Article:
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Mortar kills family of 7 in Pakistans Swat valley
Pakistan US JEM103 5244033
Pakistani garbage scavengers search for recyclable items at a garbage dump on the outskirts of Islamabad, Pakistan, Wednesday, July 30, 2008. President George W. Bush, who met with Prime Minister Yousuf Raza Gilani at the White House on Monday, pledged $115 million in food aid to Pakistan, including $42.5 million during the next nine months. The United States also pledged help with disease control, agriculture, energy and education. - photo by Associated Press
    PESHAWAR, Pakistan — A mortar shell hit a house in a valley where Pakistani security forces are battling Islamic militants, killing a family of seven, and militants torched a nearby girls school, police said Thursday.
    Government officials struck a peace deal with militants in the northern Swat valley in May, hoping to curb the growing influence of militant groups through negotiations.
    But U.S. and NATO officials complain that cease-fires and talks across Pakistan’s wild border zone have allowed Taliban and al-Qaida insurgents based there to focus on attacks in neighboring Afghanistan.
    Trouble flared in Swat on Tuesday when militants abducted 25 members of the security forces. Since then, fighting has reportedly killed 27 rebels and seven troops and raised doubts about the new government’s ability to combat militancy.
    The provincial government described the situation in the Swat valley as ‘‘grave’’ and said it had requested more army troops to help bring peace, law and order.
    The shell hit overnight in the village of Deolai, said Shakoor Khan, a police official in the nearby town of Kabbal. A man called Mohammed Tahir died along with his wife and five children, Khan told The Associated Press by telephone.
    It was unclear who fired the mortar round.
    Khan also said that militants burned a girls school in the Khwazkhela area, the latest in a string of similar attacks blamed on Islamic fundamentalists opposed to female education.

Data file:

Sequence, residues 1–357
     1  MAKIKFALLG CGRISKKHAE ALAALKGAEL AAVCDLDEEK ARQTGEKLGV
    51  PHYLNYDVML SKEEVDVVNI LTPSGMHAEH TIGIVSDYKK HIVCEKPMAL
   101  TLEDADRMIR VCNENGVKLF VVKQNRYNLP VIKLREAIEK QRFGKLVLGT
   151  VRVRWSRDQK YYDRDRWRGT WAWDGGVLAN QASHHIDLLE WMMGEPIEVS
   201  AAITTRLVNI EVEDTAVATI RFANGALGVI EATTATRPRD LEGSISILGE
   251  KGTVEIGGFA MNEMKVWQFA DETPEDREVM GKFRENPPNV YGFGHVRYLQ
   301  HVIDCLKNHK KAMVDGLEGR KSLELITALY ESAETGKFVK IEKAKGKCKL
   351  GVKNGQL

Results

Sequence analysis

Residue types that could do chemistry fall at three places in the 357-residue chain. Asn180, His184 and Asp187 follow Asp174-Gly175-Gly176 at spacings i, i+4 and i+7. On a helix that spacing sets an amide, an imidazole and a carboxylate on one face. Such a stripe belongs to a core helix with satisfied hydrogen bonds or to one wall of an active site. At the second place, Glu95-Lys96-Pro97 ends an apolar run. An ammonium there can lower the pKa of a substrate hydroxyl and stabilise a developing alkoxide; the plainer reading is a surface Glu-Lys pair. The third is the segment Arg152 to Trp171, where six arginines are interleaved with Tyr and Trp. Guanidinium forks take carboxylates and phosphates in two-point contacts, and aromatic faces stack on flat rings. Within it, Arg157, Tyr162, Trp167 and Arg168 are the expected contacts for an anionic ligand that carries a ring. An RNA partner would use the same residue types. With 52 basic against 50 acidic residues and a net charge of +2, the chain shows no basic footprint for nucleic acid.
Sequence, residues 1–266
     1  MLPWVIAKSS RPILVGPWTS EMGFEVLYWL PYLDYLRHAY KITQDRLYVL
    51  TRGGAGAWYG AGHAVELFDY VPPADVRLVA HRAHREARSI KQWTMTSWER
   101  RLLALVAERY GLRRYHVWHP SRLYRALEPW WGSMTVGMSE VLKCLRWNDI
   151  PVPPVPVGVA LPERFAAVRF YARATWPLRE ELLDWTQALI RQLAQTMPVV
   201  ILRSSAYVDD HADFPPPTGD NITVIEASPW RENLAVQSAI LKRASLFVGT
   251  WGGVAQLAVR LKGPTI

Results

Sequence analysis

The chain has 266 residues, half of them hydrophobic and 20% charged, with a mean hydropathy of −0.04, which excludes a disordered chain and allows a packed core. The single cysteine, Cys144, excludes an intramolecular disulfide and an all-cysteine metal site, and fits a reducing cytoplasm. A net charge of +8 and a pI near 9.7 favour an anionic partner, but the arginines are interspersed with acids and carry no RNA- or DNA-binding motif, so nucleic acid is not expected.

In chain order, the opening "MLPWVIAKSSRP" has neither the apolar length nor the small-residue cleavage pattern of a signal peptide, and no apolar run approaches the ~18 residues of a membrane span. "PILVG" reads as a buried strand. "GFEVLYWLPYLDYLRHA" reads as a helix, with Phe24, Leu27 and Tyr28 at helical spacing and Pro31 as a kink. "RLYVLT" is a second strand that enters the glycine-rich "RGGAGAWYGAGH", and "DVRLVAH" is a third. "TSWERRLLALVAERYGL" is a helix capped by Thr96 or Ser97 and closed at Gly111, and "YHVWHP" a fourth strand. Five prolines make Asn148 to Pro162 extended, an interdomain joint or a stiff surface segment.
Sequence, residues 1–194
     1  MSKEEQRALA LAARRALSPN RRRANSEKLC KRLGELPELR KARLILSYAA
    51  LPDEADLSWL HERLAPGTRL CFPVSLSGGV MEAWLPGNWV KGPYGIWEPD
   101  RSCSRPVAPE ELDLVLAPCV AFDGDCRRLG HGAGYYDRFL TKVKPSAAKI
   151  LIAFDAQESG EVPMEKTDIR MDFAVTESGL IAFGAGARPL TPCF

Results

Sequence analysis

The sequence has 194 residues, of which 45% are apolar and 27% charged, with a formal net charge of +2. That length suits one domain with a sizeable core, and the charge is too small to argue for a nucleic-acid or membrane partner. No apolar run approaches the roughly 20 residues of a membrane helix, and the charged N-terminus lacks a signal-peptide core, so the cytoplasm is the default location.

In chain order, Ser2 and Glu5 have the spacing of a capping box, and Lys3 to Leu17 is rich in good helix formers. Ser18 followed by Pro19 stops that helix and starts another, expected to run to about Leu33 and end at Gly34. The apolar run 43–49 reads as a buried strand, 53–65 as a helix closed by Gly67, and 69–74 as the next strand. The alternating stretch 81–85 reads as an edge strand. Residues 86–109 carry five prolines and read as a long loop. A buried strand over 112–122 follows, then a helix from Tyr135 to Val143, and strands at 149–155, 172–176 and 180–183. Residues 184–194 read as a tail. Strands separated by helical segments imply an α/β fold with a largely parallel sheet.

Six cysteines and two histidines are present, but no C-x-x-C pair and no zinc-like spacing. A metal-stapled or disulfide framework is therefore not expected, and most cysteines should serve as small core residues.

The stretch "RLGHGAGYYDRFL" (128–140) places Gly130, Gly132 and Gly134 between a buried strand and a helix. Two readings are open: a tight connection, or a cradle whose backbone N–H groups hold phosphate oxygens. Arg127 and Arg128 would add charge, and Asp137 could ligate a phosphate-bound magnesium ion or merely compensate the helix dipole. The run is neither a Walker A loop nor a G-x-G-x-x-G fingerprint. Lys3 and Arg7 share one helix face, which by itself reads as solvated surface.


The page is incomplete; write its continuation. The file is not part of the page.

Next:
The army reported sporadic overnight gunfire in the valley. It didn’t confirm Pakistani media reports of renewed fighting Thursday. A valley-wide curfew was relaxed for two hours before noon to allow residents to buy provisions.
    The valley lies just 90 miles from the capital, Islamabad and is a vital test of the government’s resolve to prevent Taliban-style militancy from spreading into previously peaceful areas of the northwest.
    Officials and militants in Swat blame each other for violating the peace accord, though neither side has declared the agreement dead.
    While Western governments back the 4-month-old government’s efforts to win over more moderate armed groups, they want Pakistan to take tougher action against hard-liners.
    Followers of Mullah Fazlullah, a militant cleric who rallies support using a pirate FM radio station, seized parts of Swat last year before an army offensive drove them into the mountains.
    Also Thursday, the military announced that it was abandoning a fort in the militant stronghold of South Waziristan that has repeatedly come under attack.
    Maj. Gen. Alam Khattak, who commands paramilitary troops operating along the frontier, said security forces were leaving Ladha Fort at the request of tribal elders.
    Khattak said the fort, which will be turned into a 20-bed hospital, was too close to residential areas and that the military was negotiating for a site to build a new fort.
    He didn’t say if the pullback was a condition for a peace deal with local tribes, which include top Taliban leader Baitullah Medsud, but added: ‘‘the fighting phase is over in his area, and now negotiations are being held with the people.’’

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